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by Tamra B. Orr,Jonatha A. Brown
Each volume provides a colorful, comprehensive portrait of a state's history, people, land, economy, and government.
Each volume provides a colorful, comprehensive portrait of a state's history, people, land, economy, and government. Readers will enjoy the "Fun Facts" sprinkled throughout each book and learn even more about state facts, symbols, and famous people. A chapter on "Things to See and Do" explores each state's unique places and activities.
Portraits of the States). This exciting new states series, written for Grades 2 and above, is designed for elementary students' first study of the United States. Each volume is a colorful, comprehensive portrait that features state facts and symbols and uses clear, vivid text to describe the history, people, land, economy, and government of each state.
by Jonathan A. Brown. State facts and symbols - "fun Facts" - Biographi.
PENGUIN BOOKS THE INDIANS Sudhir Kakar is an internationally renowned psychoanalyst and writer. He has been a visiting professor at the universities of Chicago, Harvard, McGill, Melbourne, Hawaii and Vienna and a Fellow at the Institutes of Advanced Study, Princeton and Berlin. His non-fiction books include The Inner World: A Psychoanalytical Study of Childhood and Society in India; Intimate Relations: Exploring Indian Sexuality; The Analyst and the Mystic: Psychoanalytic Reflections on Religion and Mysticism and The Colours of Violence. His three published novels are The Ascetic of Desire, Ecstasy and Mira and the Mahatma.
A portrait is a painting, photograph, sculpture, or other artistic representation of a person, in which the face and its expression is predominant. The intent is to display the likeness, personality, and even the mood of the person. For this reason, in photography a portrait is generally not a snapshot, but a composed image of a person in a still position.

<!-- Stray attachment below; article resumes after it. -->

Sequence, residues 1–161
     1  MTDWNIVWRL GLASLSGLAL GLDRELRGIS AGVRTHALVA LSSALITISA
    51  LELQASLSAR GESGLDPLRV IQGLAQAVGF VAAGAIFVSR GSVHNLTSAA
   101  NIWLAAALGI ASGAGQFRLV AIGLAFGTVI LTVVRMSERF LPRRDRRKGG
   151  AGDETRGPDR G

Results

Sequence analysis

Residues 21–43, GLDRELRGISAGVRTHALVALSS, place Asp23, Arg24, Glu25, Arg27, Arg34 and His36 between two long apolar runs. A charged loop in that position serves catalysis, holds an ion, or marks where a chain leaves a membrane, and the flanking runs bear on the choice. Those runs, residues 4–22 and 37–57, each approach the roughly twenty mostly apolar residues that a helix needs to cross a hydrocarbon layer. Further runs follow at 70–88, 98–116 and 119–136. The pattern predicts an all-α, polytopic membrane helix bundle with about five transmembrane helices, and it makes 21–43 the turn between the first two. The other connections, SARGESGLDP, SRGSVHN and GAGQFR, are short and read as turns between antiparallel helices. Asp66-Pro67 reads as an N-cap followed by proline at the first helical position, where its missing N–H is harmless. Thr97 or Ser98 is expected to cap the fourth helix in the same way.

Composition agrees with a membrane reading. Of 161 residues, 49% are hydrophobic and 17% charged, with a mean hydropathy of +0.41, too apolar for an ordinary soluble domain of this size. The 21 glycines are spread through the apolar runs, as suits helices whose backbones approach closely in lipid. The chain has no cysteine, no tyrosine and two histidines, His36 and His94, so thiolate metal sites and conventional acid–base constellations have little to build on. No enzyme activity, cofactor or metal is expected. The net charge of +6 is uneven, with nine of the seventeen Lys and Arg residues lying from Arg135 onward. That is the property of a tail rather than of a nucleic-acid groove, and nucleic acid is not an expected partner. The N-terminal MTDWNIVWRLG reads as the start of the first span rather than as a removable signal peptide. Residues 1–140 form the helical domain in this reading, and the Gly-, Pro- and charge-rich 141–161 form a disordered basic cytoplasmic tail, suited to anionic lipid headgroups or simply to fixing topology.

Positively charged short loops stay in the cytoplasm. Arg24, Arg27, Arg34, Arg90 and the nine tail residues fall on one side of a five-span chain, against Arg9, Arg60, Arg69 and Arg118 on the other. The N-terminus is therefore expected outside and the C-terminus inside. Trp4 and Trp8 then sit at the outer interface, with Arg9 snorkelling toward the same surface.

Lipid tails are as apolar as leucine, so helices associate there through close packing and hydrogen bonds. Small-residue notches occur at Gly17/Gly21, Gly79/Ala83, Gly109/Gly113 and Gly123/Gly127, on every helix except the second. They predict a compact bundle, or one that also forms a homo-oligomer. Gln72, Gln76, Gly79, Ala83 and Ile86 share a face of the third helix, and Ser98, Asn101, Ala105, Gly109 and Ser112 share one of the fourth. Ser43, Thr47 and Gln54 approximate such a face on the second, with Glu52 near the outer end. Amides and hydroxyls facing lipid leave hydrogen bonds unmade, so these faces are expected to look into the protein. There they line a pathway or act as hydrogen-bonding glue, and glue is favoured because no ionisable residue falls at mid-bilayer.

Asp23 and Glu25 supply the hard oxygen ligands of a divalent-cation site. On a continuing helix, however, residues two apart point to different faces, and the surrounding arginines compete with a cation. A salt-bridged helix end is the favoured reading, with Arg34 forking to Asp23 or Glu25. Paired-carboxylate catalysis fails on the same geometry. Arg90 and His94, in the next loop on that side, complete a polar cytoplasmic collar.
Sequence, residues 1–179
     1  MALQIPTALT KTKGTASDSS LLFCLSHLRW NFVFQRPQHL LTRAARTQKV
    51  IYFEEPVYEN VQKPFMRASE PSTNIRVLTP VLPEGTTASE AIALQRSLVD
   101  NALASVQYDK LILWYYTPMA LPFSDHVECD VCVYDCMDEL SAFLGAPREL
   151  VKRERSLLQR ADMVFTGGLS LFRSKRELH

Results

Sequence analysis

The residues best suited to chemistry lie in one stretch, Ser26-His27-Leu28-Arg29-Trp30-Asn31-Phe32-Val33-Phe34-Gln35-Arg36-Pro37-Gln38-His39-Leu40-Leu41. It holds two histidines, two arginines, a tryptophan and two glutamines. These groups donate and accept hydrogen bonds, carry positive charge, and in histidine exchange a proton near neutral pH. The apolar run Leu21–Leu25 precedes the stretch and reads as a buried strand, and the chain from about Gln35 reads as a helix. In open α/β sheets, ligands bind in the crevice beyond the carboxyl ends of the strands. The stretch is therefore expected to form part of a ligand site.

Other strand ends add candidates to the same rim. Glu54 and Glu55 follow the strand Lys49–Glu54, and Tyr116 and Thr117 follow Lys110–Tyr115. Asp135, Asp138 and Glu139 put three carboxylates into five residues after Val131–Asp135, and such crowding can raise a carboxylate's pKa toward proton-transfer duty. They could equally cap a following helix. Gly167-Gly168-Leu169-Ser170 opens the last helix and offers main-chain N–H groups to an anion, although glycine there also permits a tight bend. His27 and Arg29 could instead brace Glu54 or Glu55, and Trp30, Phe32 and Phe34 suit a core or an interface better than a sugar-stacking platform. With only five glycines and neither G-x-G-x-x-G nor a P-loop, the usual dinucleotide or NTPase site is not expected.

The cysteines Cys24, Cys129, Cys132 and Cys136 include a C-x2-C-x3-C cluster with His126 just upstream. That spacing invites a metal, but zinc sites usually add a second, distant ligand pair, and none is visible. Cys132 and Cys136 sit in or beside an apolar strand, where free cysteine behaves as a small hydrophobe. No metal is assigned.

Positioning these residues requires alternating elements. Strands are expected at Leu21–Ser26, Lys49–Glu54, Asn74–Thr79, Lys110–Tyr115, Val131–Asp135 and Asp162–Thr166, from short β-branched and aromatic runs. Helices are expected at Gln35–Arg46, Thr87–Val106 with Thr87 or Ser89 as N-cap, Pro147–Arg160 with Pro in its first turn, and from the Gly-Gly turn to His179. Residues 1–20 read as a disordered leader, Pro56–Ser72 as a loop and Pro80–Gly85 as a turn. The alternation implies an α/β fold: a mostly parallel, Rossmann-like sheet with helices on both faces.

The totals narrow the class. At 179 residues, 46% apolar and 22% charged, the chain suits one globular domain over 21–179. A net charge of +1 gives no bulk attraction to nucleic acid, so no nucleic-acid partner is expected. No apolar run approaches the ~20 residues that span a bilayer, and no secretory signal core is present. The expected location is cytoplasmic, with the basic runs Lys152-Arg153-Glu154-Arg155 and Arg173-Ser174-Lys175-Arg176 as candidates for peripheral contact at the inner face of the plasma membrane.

It was a portrait of a man who looked much older than. shouldn't someone know my secret, he thought. Basil, the painter of the portrait. Do you really want to see my soul, Basil?
It was a portrait of a man who looked much older than. Dorian was now almost thirty-eight, but the. man in the picture had thin grey hair. His face was wrinkled. Do you really want to see my soul, Basil? Come, I will. show it to yo. Dorian took a lamp from a table and walked Basil to the. room at the top of his house. He stood before the purple and.
Some of the earliest surviving painted portraits of people who were not rulers are the Greco-Roman funeral . In most countries it is common protocol for a portrait of the head of state to appear in important government buildings.
Some of the earliest surviving painted portraits of people who were not rulers are the Greco-Roman funeral portraits that survived in the dry climate of Egypt's Fayum district. These are almost the only paintings from the classical world that have survived, apart from frescos, though many sculptures and portraits on coins have fared better. Excessive use of a leader's portrait, such as that done of Joseph Stalin, Adolf Hitler, or Mao Zedong, can be indicative of a personality cult. Main article: Portrait (literature).
Beginning with Gilbert Stuart's portrait of George Washington, it has been traditional for the president of the United States to have an official portrait taken during his time in office, most commonly an oil painting. This tradition has continued to modern times, although since the adoption of photography as a widely used and reliable technology, the official portrait may also be a photograph (or at least a photograph may be substituted while a painting is being made)
The History of the Indian Tribes of North America is a three-volume collection of Native American biographies and accompanying lithograph portraits originally published in the United States from 1836 to 1844 by Thomas McKenney and James Hall
The History of the Indian Tribes of North America is a three-volume collection of Native American biographies and accompanying lithograph portraits originally published in the United States from 1836 to 1844 by Thomas McKenney and James Hall. The majority of the portraits were first painted in oil by Charles Bird King. McKenney was working as the US Superintendent of Indian Trade and would head the Office of Indian Affairs, both then within the War Department